Saturday, October 14, 2017

Keeping a Training Log - Tommy Kono (1972)

Article Courtesy of Liam Tweed

Note: This is one of the many articles in Tommy Kono's ABC's of Weightlifting Series.
Series made possible with the additional help of Regis Becker and the late Reuben Weaver.

Keeping a Training Log
by Tommy Kono (1972)

Chest - 29", Expanded - 30"
Waist - 26"
Arms - 8", Flexed - 9"
Height - 4'8"
Weight - 74.5 pounds

and so on went the list I had written down in my notebook for March 27, 1942 when I was 11 years old. I had sent a postcard to one of the popular "train by mail" schools for more information about their bodybuilding course and I was sent a measurement form. I had my older brother carefully measure me and although I filled out the form I never mailed it nor the $36.00 that was necessary to enroll in the course. I was intensely interested in developing my skinny body, however, so I made copies of this form and measured myself quite regularly even though I had not taken up any form of systematic training. 

Years later I had learned about weight training and entered by first weightlifting competition in early 1948. Then I started to keep some notes on my weight training in addition to the body measurements. At first I used to write only the new training records I would make.

In reviewing my training program I found that the notes I kept were too incomplete so I started to write down every repetition and the number of sets and weights I would handle. The loose leaf notebook I had been using wasn't satisfactory so I switched to the spinal ring type notebook used by stenographers. During my second year of competitive lifting I started to keep notes not only of my training but also any new ideas I would have in regards to technique, training methods, goals and training plans.

In essence my training log book became a diary of everything concerned with weightlifting. I referred to it often in checking the progress I was making and to correct any weak points of my lifts by reviewing the technical notes.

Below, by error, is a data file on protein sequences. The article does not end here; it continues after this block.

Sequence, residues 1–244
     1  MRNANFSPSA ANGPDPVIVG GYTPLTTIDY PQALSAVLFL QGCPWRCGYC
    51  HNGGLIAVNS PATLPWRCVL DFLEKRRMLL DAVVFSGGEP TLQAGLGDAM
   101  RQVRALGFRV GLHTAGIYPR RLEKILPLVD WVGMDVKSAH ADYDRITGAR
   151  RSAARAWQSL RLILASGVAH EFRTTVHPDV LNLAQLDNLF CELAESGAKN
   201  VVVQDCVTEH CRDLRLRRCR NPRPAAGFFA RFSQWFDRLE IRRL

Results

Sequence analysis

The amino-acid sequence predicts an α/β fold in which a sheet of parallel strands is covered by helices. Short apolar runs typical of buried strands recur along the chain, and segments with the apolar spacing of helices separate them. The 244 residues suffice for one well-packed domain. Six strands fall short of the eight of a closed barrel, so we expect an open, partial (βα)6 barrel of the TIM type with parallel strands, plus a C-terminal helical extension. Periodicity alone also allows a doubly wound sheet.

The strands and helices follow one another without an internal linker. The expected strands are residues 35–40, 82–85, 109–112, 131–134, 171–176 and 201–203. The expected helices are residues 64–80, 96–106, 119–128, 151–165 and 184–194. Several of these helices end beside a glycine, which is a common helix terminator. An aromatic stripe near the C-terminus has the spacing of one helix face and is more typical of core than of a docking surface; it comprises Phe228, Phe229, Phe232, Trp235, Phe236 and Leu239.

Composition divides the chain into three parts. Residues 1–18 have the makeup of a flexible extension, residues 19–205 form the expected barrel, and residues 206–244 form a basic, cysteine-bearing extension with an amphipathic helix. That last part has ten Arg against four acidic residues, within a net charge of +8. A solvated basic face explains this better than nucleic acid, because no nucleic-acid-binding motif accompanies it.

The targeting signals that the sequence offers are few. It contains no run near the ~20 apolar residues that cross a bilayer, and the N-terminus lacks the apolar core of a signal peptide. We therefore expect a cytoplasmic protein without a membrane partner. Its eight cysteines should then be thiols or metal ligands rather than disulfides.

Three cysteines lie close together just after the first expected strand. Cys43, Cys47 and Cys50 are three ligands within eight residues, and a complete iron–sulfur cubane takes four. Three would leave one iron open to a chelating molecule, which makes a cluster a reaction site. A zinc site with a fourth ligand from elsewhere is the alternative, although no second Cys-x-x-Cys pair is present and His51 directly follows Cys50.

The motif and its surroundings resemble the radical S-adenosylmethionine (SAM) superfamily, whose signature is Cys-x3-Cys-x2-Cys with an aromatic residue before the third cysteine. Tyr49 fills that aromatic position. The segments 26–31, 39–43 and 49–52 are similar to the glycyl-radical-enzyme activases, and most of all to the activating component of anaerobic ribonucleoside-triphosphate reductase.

The more I became involved in weightlifting the more training notes I started keeping. It was at this point that I noticed that the amount of improvement made in my lifts was in direct proportion to the amount of notes I kept.

The photo above shows nine of my 10 training log books which cover every training session over a period of 15 years - from January, 1949 until September, 1963. The books list every set, rep, and weight lifted in training and in competition during that time and many of the ideas have appeared in my ABC articles.

During the last few decades the Russians, Poles, Bulgarians, East Germans, and Hungarians have all come out with their own training log books. It is no small wonder that these Eastern European nations have bettered their performances. The coaches and lifters make good use of the information within the log books.

At the 1958 Olympics the defending super-heavyweight Olympic champion Zhabotinsky proudly informed me that he had filled six log books with his training data. Many times world champion, Victor Kurentsov, is always seen at the training hall with his log book. Batishev, the second best superheavy of Russia, has his book in his training bag all the time and constantly refers to it during his actual training and writes in his lifts. The outstanding Polish lifter, Baszanowski, keeps a very detailed account of his training. If men of this caliber keep a written record of their training, why not the less talented lifters?

When I started my work in Mexico in 1966 as their national coach I required every lifter who trained under me to keep a well written record of what he did during each training period. When I moved to Germany to coach I asked that a weightlifting log book be made available to the better lifters. In early 1970, Dave Webster the Scottish national coach and I collaborated and produced what I believe to be the first English language edition of a training log book. More recently Wes Woo of Vancouver, B.C. came out with the loose leaf type.